"On the excess side," says Broaddus, "several specialty carriers have exited the class. This may be because of losses on the auto side. Pricing in excess is up modestly overall. On the primary side, some captives have emerged and are fronted by recognizable carriers. These are generally for larger risks, and the captives will do general liability and auto physical damage and liability, but no excess." He says these primaries are on standard ISO forms.

"The excess market seems to be flat to up, with no real expansion of coverage," Broaddus adds. "There have been some specialty markets that have adjusted their pricing in this business. Some long-term excess players have cut back their excess capacity, which reflects the volatility and catastrophic nature of the excess claims these operations can face."

Agents adding value
Agents and brokers interested in serving gas station and convenience store customers can learn more about the business by engaging with trade associations. "Most states have a convenience store and/or petroleum haulers association that they can join," explains Wondra. "They meet on issues regarding product taxation and other forms of legislative 'pain' that could affect the sustainability of their business." To get involved on a larger stage, he points to the National Association of Convenience Stores as a possible resource. "Learn about the key issues in their industry-the things their trade associations advocate for on their behalf," he notes. "Understanding their pains could help retail producers work with prospects and customers to find beneficial solutions."

He also recommends forging relationships with vendors that serve the gas station and convenience store industries. "This will help agents better understand the business model, concerns of owners and operators, and the language they speak," he explains.

Broaddus says some agents may want to team up with fellow insurance professionals to capitalize on market opportunities. "There are some specialty brokers out there who have a specific expertise in the placement of retail petroleum risks as well as petroleum transportation risks," he explains. "Connect with them." Wondra agrees: "Work with insurance carriers with a niche expertise who really understand the exposures."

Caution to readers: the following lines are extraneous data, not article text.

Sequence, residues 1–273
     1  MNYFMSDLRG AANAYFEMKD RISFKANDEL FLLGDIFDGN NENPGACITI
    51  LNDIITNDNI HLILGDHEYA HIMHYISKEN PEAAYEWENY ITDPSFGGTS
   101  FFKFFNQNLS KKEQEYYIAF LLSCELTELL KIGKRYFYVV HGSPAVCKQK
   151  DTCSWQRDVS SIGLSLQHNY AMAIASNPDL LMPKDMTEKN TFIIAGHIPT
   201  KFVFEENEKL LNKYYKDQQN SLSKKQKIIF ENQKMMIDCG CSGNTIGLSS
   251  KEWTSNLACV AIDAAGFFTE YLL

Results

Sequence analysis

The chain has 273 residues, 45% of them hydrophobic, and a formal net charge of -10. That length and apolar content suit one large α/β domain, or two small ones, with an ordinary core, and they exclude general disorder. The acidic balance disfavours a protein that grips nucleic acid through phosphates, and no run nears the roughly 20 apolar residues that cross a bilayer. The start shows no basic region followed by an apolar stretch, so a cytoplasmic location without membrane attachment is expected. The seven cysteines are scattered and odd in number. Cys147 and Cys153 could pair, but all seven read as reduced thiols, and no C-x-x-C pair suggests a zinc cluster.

Whether alone or with a partner, it's important to bring general insurance and risk management industry knowledge to the table. "Cyber liability is one issue that affects customers in a number of industries," explains Broaddus. "Retail convenience stores take and store customer credit card information, so they need adequate protection. Agents and brokers can use their expertise in this area to help customers and prospects in the gas station and convenience store market."

Broaddus also identifies knowledge of environmental liability for storage tanks as another important area where agents can help. "Also, employment practices liability insurance and directors and officers should be addressed with these operations, no matter how big or small they might be," he notes.

Wondra points to franchise-related exposures. "When people hear 'franchise business,' they immediately think of restaurants," he explains. "However, most of the gas stations and convenience stores today operate under a franchise name, such as BP, Mobil, Clark, Citgo or even Circle K or On the Run.

"Within the contract with their franchisor may be a requirement to update property with new designs and materials after a loss occurs," he adds. "This is typically outside the scope of most insurance programs."

Other related exposures exist, as well. "A business stands the risk of having its reputation tarnished if another gas station or convenience store that operates under the same franchise name suffers a covered loss or other event, and that affects the revenue of the insured location," he says.

To understand other risks and exposures gas stations and convenience stores face, he offers agents some simple advice: "Ask them! Craft your questions in a way that you can delve into what might be concerning these business owners and operators."

Once you've developed some expertise and built a book of business, leverage it. "The experience of the broker and the relationships they have can lead to referrals that bring in even more business," Kalinowski explains.

Beyond that, Wondra suggests, "Partner with an insurance carrier to create an educational forum, seminar or program on a topic that would interest gas station and convenience store owners. There are a wide range of issues, ranging from inventory loss prevention and robbery and violence deterrence to necessary features of a security/surveillance system and safety of employees."

He sums up his-and others'-advice like this: "Become a trusted expert to their industry, rather than someone interested in just selling them a cheaper insurance program."


Opportunities abound in new areas and old

By Dave Willis